Please create an account to participate in the Slashdot moderation system

 



Forgot your password?
typodupeerror
Data Storage Hardware

Hard Drives Made for RAID Use 201

Posted by CowboyNeal
from the little-spinny-different dept.
An anonymous reader writes "Hard drive giant Western Digital recently released a very interesting product, hard drives designed to work in a RAID. The Caviar RE SATA 320 GB is an enterprise level drive without native command queueing and uses an SATA interface. In works better in RAID than other drives because of features like its time-limited error recovery and 32-bit CRC error checking, so it is an option when previously only SCSI drives would be considered."
This discussion has been archived. No new comments can be posted.

Hard Drives Made for RAID Use

Comments Filter:
  • by Anonymous Coward on Saturday September 17, 2005 @12:57PM (#13585632)
    Sheesh, this is a VERY thinly disguised ad. Here's a direct link to NewEgg [newegg.com] $169. Has the same details as this "story."
  • No NCQ? (Score:5, Insightful)

    by gbjbaanb (229885) on Saturday September 17, 2005 @01:03PM (#13585658)
    Interesting that they don't have NCQ, whereas SCSI drives generally do (well, called TCQ on SCSI IIRC)

    Is this just marketing speak, has it truly included scsi features, or could it actually be better performing than SCSI in a RAID array?
  • by Nom du Keyboard (633989) on Saturday September 17, 2005 @01:08PM (#13585689)
    How does the lack of Native Command Queuing improve RAID performance? Generally I thought NCQ improved all drive's performance, and TFA says that NCQ is normally part of Enterprise High-Performance.
  • by laing (303349) on Saturday September 17, 2005 @01:22PM (#13585765)
    The manufacturer specifically says to only use these in a RAID-1 configuration (mirroring). They have a reason for this: The error recovery mechanisim is abbreviated. So what does Sal do... He connects two drives in a RAID-0 configuration. Now his data reliability has gone to about 1/4 of a regular drive.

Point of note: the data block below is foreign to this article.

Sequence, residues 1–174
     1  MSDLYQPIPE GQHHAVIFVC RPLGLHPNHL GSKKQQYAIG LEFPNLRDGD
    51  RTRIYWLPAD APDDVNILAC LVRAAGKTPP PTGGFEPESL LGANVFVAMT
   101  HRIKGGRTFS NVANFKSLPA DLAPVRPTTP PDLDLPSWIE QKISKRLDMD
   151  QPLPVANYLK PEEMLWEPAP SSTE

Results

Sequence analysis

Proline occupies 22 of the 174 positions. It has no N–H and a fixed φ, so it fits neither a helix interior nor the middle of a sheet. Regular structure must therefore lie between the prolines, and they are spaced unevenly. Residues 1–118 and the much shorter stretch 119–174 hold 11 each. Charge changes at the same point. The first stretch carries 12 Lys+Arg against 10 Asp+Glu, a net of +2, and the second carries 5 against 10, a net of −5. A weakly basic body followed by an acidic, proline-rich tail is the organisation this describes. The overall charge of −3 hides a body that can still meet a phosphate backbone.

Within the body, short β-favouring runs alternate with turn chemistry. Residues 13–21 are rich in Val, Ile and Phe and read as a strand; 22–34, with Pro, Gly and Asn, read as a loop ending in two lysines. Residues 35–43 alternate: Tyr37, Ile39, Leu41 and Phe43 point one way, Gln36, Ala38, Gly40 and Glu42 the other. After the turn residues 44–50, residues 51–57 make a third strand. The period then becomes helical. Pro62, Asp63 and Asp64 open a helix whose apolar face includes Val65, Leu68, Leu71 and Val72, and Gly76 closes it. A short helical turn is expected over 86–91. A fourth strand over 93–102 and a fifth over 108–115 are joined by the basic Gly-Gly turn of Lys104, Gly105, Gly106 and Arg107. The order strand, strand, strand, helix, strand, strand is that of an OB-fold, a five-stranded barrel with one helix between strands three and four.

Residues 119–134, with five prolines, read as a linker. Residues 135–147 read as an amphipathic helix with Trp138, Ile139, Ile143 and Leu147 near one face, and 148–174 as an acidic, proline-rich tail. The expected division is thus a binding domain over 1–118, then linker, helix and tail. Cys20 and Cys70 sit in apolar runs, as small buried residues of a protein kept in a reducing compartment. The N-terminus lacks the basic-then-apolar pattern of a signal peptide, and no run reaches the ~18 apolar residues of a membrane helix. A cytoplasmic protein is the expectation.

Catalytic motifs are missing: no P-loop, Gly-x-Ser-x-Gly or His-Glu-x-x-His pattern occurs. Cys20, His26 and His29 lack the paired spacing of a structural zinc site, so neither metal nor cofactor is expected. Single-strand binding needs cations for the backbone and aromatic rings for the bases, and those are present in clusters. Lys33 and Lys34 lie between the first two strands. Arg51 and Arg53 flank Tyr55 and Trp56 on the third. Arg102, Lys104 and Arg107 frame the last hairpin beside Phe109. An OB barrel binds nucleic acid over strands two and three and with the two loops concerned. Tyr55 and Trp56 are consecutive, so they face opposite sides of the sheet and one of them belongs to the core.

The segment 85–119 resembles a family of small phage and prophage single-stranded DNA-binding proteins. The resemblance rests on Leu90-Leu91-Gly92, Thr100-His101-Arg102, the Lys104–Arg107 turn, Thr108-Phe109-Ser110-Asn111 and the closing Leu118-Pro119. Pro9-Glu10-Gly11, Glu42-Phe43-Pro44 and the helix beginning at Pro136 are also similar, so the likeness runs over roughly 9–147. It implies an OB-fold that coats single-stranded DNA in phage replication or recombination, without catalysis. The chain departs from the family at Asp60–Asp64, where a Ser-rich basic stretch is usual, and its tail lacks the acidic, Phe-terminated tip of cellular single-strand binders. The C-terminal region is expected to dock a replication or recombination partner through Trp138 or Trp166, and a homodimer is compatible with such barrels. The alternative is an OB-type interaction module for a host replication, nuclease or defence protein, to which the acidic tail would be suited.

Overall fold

• by John Napkintosh (140126) on Saturday September 17, 2005 @01:53PM (#13585881) Homepage
    Seems like you could save quite a bit of money by going with something like this (assuming it was SATA you're looking for):

    http://www.macgurus.com/productpages/sata/satakits .php [macgurus.com]

    They have 2-, 3-, 4-, and 8-bay kits to suite your need. Get 'em with or without drives, cables, etc. The only drawback I see is the lack of a controller card (might have to go with something like the Sonnet further down the page). Then again, this may not be such of a drawback, since you're not stuck with a built-in RAID controller, in the event of it being a pile of junk.

    $451 for an empty 8-bay with no cabling ain't too bad.
  • Re:No NCQ? (Score:2, Insightful)

    by keltor (99721) * on Saturday September 17, 2005 @02:15PM (#13586003) Homepage
    I think that all SCSI RAID controllers disable it on the drives as the controller takes care of all queueing. Remember most of the SATA drives now have NCQ. WD chose to specifically disable this as their regular Caviar SE drives have queueing.
  • by rongage (237813) on Saturday September 17, 2005 @02:18PM (#13586027)

    Is it just me, or did this review stink for lack of proper testing and comparison...

    If I were comparing this product and it's performance, I certainly would not be benchmarking a SATA based RAID setup against a single Parallel ATA drive. Something in this arrangement just doesn't seem... well, logical.